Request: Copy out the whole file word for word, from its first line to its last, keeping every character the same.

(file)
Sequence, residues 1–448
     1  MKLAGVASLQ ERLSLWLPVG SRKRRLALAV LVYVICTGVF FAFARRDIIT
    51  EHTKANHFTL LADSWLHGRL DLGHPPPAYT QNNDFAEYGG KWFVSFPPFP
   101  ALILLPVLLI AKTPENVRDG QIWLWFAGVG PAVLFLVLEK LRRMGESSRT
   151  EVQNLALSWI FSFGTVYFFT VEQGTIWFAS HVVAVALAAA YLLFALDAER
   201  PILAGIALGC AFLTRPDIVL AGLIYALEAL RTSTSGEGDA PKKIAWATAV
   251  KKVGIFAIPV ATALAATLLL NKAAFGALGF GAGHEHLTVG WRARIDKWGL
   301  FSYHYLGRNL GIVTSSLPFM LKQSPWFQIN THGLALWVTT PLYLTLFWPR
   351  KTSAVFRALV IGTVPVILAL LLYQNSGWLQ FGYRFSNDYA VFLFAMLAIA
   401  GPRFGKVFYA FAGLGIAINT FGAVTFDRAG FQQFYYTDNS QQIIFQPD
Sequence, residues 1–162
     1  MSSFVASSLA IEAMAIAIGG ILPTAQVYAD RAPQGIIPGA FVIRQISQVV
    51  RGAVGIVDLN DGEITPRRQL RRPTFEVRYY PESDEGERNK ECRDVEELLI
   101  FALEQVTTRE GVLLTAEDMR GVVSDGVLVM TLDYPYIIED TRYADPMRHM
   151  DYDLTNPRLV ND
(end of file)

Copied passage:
Sequence, residues 1–448
     1  MKLAGVASLQ ERLSLWLPVG SRKRRLALAV LVYVICTGVF FAFARRDIIT
    51  EHTKANHFTL LADSWLHGRL DLGHPPPAYT QNNDFAEYGG KWFVSFPPFP
   101  ALILLPVLLI AKTPENVRDG QIWLWFAGVG PAVLFLVLEK LRRMGESSRT
   151  EVQNLALSWI FSFGTVYFFT VEQGTIWFAS HVVAVALAAA YLLFALDAER
   201  PILAGIALGC AFLTRPDIVL AGLIYALEAL RTSTSGEGDA PKKIAWATAV
   251  KKVGIFAIPV ATALAATLLL NKAAFGALGF GAGHEHLTVG WRARIDKWGL
   301  FSYHYLGRNL GIVTSSLPFM LKQSPWFQIN THGLALWVTT PLYLTLFWPR
   351  KTSAVFRALV IGTVPVILAL LLYQNSGWLQ FGYRFSNDYA VFLFAMLAIA
   401  GPRFGKVFYA FAGLGIAINT FGAVTFDRAG FQQFYYTDNS QQIIFQPD
Sequence, residues 1–162
     1  MSSFVASSLA IEAMAIAIGG ILPTAQVYAD RAPQGIIPGA FVIRQISQVV
    51  RGAVGIVDLN DGEITPRRQL RRPTFEVRYY PESDEGERNK ECRDVEELLI
   101  FALEQVTTRE GVLLTAEDMR GVVSDGVLVM TLDYPYIIED TRYADPMRHM
   151  DYDLTNPRLV ND